Wow! With 53.3″ of snowfall, February 2019 was Lee Vining’s snowiest February on record. The Lee Vining record begins in 1989, with the previous record 49.0″ of total snowfall in February 1998.
Total snowfall for January and February 2019 was the third-largest on record with 78.5″, lagging behind the same time-frame in 2008 with 91.4″ of snow and 1993 with 81.2″ of snow. Snowfall this past February was 313% of average, and the January–February total was 209% of average. The 2019 seasonal total snowfall of 90.7″ already ranks within the top seven snowiest winter seasons, with the potential for additional snow remaining in the weeks ahead.
Precipitation-wise, it was the third-wettest February since 1989. With 5.95″ of total water measured, February 2019 was wetter than all Februaries except 1998 (8.51″) and 2017 (6.30″). This means February 2019 snowfall wasn’t the heaviest, due to the cold storms containing less moisture. February snowfall/precipitation ratios were 8.96 in 2019, 3.56 in 2017, and 5.76 in 1998.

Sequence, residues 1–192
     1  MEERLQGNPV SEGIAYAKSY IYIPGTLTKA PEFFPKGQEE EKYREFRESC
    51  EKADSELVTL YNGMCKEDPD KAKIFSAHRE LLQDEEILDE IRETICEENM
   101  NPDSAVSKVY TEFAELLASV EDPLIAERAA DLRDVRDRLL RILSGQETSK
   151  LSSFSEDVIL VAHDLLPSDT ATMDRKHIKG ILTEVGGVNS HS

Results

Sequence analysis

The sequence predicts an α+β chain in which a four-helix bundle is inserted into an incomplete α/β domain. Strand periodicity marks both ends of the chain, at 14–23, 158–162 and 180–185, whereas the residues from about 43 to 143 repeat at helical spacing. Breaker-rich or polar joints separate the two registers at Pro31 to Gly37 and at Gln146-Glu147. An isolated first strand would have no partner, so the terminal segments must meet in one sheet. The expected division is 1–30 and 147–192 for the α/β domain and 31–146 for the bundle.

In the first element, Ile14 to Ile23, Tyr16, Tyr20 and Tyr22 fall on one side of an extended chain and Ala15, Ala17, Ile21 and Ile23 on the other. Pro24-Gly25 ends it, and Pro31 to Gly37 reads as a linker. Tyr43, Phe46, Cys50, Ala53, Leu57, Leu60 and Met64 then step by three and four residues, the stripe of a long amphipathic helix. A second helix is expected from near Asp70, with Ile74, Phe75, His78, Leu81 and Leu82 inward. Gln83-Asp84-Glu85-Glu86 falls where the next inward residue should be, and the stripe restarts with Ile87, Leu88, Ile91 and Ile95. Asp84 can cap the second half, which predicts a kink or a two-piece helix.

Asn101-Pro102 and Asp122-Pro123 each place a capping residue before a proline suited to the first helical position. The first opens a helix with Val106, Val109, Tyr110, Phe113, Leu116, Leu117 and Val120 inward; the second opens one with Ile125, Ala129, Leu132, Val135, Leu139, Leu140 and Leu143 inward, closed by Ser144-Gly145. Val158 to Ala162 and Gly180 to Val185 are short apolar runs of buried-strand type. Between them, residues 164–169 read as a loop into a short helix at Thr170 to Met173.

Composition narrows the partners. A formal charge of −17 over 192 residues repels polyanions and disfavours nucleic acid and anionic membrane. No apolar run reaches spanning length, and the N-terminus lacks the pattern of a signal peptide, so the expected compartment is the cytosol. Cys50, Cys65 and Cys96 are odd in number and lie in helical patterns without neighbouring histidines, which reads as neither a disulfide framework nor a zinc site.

The high-elevation Mono Basin snow surveys were completed on March 4, and the results are no less remarkable than the Lee Vining totals. Snowpack water content more than doubled since the last snow survey at Gem Pass and Saddlebag Lake (rising to 160% of average), Ellery Lake (rising to 166% of average), and Gem Lake (rising to 169% of average).
The February-period increase was the highest on record at Gem Lake, second-highest on record at Gem Pass and Ellery Lake, third-highest on record at Saddlebag Lake, and fourth-highest on record at Tioga Pass.
The early-March snowpack is typical for a wet year, but the final snow surveys in April will be used to determine the official runoff year type. All this snow means that Mono Lake will rise this year, but how much? Stay tuned as we develop our March lake level forecast, which we’ll share here on the Mono-logue.